Over 14.5 billion explicit adult videos are viewed by 7–17-year-olds in the United States every year. Our young people represent one of the largest pornography viewing demographics in the world.
Parents are unaware or in denial about their own young person's exposure. We know that 93% of boys and 68% of girls see this content before they leave high school. Even if your child beats those odds, most of their peers will have viewed this content. Teen culture is saturated with pornography's ideas and standards.
The conversation has been awkward for parents and therefore mostly ignored. This is not dad's Playboy. Explicit online adult videos are dangerous for young people.
Challenges for Boys
A 2011 estimate of 14–17-year-old boys’ consumption of explicit adult videos in the United States was over 50 videos per week on average. Viewing such an extraordinary volume of explicit adult material at that early an age can have immediate and long-lasting effects on brain development. This can manifest in boys in shame, fear, and anxiety. In extreme doses, it can contribute to anger, aggression, depression, a lack of interest in other people, loneliness, objectification and assault.
Boys as young as 7 and 8 years old report viewing explicit adult material. In the United States, the average age of exposure to explicit videos is about age 11.
The real challenge for boys’ viewing this content regularly is that many believe it to be representative of real life. These boys see such graphic content as an actual guide on how to engage in sexual relations with others. The danger rises when we do not provide boys with an alternative message to the content they view and instead allow them to gain their sex education from explicit adult videos online. This can rob a boy of his individual interests and may increase the resentment, anger, frustration, or loneliness he could be already experiencing as an adolescent.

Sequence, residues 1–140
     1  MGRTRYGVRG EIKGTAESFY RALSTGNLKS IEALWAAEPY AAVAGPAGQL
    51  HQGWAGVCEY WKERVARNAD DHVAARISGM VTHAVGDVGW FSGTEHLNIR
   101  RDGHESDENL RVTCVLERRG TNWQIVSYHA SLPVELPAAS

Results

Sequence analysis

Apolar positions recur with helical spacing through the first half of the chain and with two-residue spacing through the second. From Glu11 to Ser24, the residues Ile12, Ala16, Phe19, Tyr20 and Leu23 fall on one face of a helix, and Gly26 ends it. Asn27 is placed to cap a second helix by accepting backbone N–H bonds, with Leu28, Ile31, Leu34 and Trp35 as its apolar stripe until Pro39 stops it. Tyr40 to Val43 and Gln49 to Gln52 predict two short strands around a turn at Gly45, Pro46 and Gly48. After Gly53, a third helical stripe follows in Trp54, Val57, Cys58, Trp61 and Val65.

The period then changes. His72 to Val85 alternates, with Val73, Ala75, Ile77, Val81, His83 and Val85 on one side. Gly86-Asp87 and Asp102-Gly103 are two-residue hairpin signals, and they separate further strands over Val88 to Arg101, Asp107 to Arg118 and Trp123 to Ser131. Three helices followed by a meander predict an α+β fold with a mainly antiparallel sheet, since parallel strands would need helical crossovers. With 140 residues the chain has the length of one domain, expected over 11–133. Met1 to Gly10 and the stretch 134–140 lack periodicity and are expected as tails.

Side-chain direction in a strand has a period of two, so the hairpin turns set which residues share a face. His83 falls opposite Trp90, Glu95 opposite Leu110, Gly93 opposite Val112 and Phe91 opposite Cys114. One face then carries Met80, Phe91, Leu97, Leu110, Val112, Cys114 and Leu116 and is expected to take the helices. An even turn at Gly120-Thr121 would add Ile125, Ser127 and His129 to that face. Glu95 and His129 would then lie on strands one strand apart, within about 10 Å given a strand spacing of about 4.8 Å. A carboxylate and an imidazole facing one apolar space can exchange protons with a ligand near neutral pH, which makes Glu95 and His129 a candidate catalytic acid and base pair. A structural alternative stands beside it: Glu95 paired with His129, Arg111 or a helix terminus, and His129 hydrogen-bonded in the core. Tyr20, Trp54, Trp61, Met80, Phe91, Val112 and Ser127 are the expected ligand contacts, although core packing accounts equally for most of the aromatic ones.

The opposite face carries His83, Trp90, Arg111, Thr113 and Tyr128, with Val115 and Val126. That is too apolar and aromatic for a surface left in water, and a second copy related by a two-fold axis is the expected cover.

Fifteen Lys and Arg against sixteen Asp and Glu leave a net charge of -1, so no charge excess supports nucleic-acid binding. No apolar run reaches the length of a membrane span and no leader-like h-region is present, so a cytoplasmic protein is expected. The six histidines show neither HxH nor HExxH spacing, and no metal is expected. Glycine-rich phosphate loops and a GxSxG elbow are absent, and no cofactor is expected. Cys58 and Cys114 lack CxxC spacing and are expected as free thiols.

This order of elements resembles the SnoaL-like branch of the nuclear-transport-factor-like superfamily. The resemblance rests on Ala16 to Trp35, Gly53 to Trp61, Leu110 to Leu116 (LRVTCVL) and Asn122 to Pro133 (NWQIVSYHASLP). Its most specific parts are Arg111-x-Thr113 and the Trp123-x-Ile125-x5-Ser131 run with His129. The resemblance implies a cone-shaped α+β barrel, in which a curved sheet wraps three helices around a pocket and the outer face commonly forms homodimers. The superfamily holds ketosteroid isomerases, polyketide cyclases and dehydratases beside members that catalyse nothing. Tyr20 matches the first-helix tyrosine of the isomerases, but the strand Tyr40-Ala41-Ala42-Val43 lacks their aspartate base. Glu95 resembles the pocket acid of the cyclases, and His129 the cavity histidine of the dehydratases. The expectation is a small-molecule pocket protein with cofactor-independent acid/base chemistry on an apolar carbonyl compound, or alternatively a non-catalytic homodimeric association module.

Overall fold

Challenges for Girls
Girls may view this content with a natural curiosity to gain maturity. They can be negatively affected emotionally by comparing themselves unfavorably with porn stars or trying to live up to that image.
Girls may watch explicit adult videos to try to understand what a potential partner wants, but this only serves to trample over her own ideas about sexuality. Girls endure body shaming, slut shaming, prude shaming, and sex shaming as early as 11 years old and can be targeted on social media. The idea of "sexuality as currency" is unhealthy for our girls. Don't take our word for it, just look at Only Fans.
Another challenge for girls is that aggressive “porn-sex”-soaked boys can see girls as sex objects. Moreover, girls can face an accelerated idea of what initial physical contact should or could be like for them. This can include sexual violence at the hands of a partner.
The Third Talk™ is here to provide parents with information and language to initiate pornography prevention conversations with their young people. We provide practical real-world language to start that talk as well as the “how and why” to keep the conversation going through adolescence.
All other methods of trying to curb this content's availability to our young people (political, legislative, technical, religious, filters etc.) have proven ineffective for 20 years as the number simply continue to go up; doubling in 2020.
It is communication between parents and young people that will overcome this challenge. We take a direct and purposeful approach at The Third Talk™. We do not shame, blame, or use colorful language. We talk about the world our kids live in, not the world we wished they live in. Grown ups created this environment and grown ups need to change it. Please help us change it.